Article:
SIMON LAKE, distinguished marine engineer, played a major part in the development of the submarine as a practical device. "PERHAPS no man in the past century has had as much to do with the shape of history as Simon Lake. That statement is intended as a query rather than as a statement of fact. It may be debatable, but it is also defendable." (from the Forward by Herbert Corey in the Autobiography Of Simon Lake, 1938 ).
Simon Lake was born in Pleasantville, N.J., September 4, 1866, the son of Christopher J. Lake whose father was the Honorable Simon Lake, one of the founders of Atlantic City and Ocean City, New Jersey. The Honorable Simon Lake and his brothers built the first highway and bridge to Atlantic City and were instrumental in having the first railroads established to both cities.
SIMON LAKE was a descendant of John Lake, one of the patentees and founders of Gravesend, now South Brooklyn, N.Y., and in the maternal line from Jeremy Adams, who settled in Cambridge, Mass., 1632, was one of the founders of Hartford, Conn.
SIMON LAKE was educated in the High School of Toms River, N.J., Clinton Liberal Institute, Fort Plain, N.Y., and in the Mechanical Course at Franklin Institute, Philadelphia. He entered his father's foundry and machine shop in NJ in 1883, and later became his partner. He invented a steering gear, dredge and other vessel appliances, of which many were built, and were chiefly used by fishing and oyster vessels in the Chesapeake and Delaware bays.
Inspired by Jules Verne's , Twenty Thousand Leagues Under The Sea, Simon Lake designed and submitted plans to the Navy in 1892. In 1894 he built his first experimental submarine, "The Argonaut, Jr.," that was successfully demonstrated in at Atlantic Highlands, New Jersey by Sandy Hook. The success led to the formation of the Lake Submarine Company of New Jersey in 1895, which built the Argonaut, the first submarine to operate successfully in the open sea in 1898, and which subsequently drew a congratulatory telegram from Jules Verne. In 1901, The Lake Torpedo Boat Company was formed in New Jersey, which became the main company that built numerous submarines for the United States and foreign countries. Simon Lake served as president and general manager until 1916, and then vice-president and consulting engineer.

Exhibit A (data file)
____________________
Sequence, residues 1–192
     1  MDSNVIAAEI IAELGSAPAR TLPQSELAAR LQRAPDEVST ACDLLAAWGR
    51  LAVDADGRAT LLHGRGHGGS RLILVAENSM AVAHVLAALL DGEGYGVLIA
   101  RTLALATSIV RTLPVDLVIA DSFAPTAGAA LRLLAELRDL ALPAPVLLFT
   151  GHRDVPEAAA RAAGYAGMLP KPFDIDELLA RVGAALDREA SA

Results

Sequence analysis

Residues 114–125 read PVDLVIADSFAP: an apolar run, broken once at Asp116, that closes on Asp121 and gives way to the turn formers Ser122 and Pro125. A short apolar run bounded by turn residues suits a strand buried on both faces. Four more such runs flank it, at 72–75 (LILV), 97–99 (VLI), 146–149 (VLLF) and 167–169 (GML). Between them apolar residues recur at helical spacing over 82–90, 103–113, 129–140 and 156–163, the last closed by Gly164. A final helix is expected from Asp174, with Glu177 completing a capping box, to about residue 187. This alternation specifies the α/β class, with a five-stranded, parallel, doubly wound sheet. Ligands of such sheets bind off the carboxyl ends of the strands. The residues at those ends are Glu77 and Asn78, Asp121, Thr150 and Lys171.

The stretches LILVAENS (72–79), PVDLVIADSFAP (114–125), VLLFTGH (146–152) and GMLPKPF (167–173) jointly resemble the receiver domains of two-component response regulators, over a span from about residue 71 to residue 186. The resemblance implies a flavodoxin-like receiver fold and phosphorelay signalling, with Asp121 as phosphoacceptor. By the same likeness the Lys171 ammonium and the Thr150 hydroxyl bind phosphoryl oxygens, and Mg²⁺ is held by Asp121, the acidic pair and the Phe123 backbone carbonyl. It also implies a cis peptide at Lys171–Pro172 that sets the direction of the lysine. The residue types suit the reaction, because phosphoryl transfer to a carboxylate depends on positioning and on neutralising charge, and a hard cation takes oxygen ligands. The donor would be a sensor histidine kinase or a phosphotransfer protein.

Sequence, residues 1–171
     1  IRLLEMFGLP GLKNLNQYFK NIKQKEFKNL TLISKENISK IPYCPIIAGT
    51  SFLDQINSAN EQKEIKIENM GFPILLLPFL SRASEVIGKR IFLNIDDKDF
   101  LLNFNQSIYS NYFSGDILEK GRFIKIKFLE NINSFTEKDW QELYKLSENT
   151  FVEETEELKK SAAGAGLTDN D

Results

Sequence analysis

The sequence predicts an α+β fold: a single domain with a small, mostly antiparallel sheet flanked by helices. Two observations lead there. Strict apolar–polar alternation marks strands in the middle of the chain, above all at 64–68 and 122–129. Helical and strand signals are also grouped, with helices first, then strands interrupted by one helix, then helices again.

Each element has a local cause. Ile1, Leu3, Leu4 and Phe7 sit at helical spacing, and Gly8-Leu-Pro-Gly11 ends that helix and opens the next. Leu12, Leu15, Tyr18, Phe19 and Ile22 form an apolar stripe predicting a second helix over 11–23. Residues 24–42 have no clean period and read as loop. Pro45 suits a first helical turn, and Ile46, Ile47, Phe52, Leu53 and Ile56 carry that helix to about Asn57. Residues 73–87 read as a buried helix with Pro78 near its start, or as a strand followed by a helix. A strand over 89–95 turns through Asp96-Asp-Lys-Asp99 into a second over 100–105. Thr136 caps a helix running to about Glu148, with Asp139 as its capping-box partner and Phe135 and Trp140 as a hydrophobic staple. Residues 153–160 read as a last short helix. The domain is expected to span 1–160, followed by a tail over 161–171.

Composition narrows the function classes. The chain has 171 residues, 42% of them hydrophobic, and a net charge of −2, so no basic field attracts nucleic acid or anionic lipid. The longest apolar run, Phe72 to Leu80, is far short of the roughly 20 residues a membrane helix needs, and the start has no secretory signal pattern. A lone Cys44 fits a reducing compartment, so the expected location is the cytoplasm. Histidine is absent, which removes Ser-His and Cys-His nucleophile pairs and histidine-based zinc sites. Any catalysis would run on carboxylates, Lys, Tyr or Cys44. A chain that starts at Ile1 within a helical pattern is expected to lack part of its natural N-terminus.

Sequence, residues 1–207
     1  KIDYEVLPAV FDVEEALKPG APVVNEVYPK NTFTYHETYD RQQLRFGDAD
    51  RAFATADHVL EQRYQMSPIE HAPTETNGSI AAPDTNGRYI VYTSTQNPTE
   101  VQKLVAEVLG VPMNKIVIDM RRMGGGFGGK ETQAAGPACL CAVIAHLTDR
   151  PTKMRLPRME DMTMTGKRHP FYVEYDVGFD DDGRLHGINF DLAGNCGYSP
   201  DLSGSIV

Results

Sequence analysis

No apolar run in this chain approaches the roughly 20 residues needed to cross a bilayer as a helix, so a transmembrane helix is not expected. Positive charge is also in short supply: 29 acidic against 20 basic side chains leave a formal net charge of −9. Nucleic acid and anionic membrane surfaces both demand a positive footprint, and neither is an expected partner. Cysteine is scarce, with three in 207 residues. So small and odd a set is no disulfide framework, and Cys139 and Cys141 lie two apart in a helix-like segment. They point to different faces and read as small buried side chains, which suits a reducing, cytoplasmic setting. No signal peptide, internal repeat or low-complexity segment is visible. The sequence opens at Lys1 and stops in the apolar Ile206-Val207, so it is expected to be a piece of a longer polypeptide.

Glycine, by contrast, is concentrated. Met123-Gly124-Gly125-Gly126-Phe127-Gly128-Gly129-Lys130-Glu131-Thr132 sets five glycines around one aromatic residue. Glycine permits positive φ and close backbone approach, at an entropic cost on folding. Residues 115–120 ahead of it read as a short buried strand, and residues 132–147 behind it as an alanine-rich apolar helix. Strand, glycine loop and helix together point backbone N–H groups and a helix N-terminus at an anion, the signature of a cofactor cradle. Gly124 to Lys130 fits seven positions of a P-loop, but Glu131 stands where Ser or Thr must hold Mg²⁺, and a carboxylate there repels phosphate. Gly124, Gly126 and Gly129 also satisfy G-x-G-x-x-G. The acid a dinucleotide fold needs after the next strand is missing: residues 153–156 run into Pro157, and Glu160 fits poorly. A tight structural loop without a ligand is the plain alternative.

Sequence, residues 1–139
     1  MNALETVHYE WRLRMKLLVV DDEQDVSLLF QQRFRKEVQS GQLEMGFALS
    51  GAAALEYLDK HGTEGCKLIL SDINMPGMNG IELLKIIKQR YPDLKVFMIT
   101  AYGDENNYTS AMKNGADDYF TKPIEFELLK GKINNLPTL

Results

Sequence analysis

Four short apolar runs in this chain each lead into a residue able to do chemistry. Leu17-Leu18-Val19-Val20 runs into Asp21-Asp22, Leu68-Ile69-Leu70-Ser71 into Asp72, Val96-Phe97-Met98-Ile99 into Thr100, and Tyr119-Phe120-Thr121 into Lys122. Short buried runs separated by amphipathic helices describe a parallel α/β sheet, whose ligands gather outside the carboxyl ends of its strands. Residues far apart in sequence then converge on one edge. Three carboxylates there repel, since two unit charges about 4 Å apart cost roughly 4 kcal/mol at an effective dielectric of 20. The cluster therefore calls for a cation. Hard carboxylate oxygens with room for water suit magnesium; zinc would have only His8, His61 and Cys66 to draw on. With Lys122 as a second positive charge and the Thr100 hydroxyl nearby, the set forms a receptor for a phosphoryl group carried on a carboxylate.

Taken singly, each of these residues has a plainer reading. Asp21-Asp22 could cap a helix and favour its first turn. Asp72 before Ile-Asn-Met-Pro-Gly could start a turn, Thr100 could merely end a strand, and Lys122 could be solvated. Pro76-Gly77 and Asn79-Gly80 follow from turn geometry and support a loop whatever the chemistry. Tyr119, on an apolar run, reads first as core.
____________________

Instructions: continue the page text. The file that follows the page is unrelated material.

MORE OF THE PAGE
SIMON LAKE developed his invention to great perfection, especially his submarine torpedo boats, but he also predicted for the submarine a valuable place in commercial transportation, location of sunken ships and cargoes, successful navigation of Northern waters, reaching the Orient in the summer season by the Northern route above Russia from England north of Russia to Japan, by submarine ship, which can readily under-run the few ice flows that would be encountered near the shores in the summer season. Other ice-bound waters, such as the Baltic Sea, the Great Lakes, etc., could be used, even in closed seasons, by cargo-carrying submarines. He predicts wide use of the submarine in the cultivation and recovery of oysters and other edible shellfish, pearl and sponge fisheries, new and more efficient methods of charting and improving waterways, etc.
Founded, 1917, he was president of The Housatonic Shipbuilding Company, which is built vessels for the United States Shipping Board; president of The Merchant Submarine Company and The Lake Heat Engine Company, which has built two very successful experimental heavy oil reversible internal combustion engines (diesel). He was also treasurer of The Argonaut Salvage Corporation, organized to build and equip submarine vessels to use Mr. Lake's inventions for location and recovery of sunken vessels and cargoes.
MR. LAKE was a member of the Institution of Naval Architects of Great Britain, Society of Naval Architects and Marine Engineers, The Society of Mechanical Engineers, The Concrete Institute; associate member of the Naval Engineers, Washington, D.C.; honorary member National Institute of Inventors; member of the Engineers' Club, New York City; Algonquin and Black Rock Country Clubs, Bridgeport; Patriots and Founders of America, Society of Colonial Wars, Sons of the American Revolution, the Masons and Knights of Pythias.
SIMON LAKE is credited with the development of the basic submarine technologies which are essential for safe and successful operation of the submarine; such as, even-keel hydroplanes, ballast tanks, divers' compartment, periscope, twin-hull design, and much more. No modern submarine could operate today without using the advancements made by Simon Lake, and which were adopted worldwide by the early 1900's. He achieved over 200 patents in his lifetime.
SIMON LAKE was originally referred to as a "Pioneer Submarine Inventor". Today, Simon Lake is regarded as ...The Father Of The Modern Submarine.
See PORTRAIT OF SIMON LAKE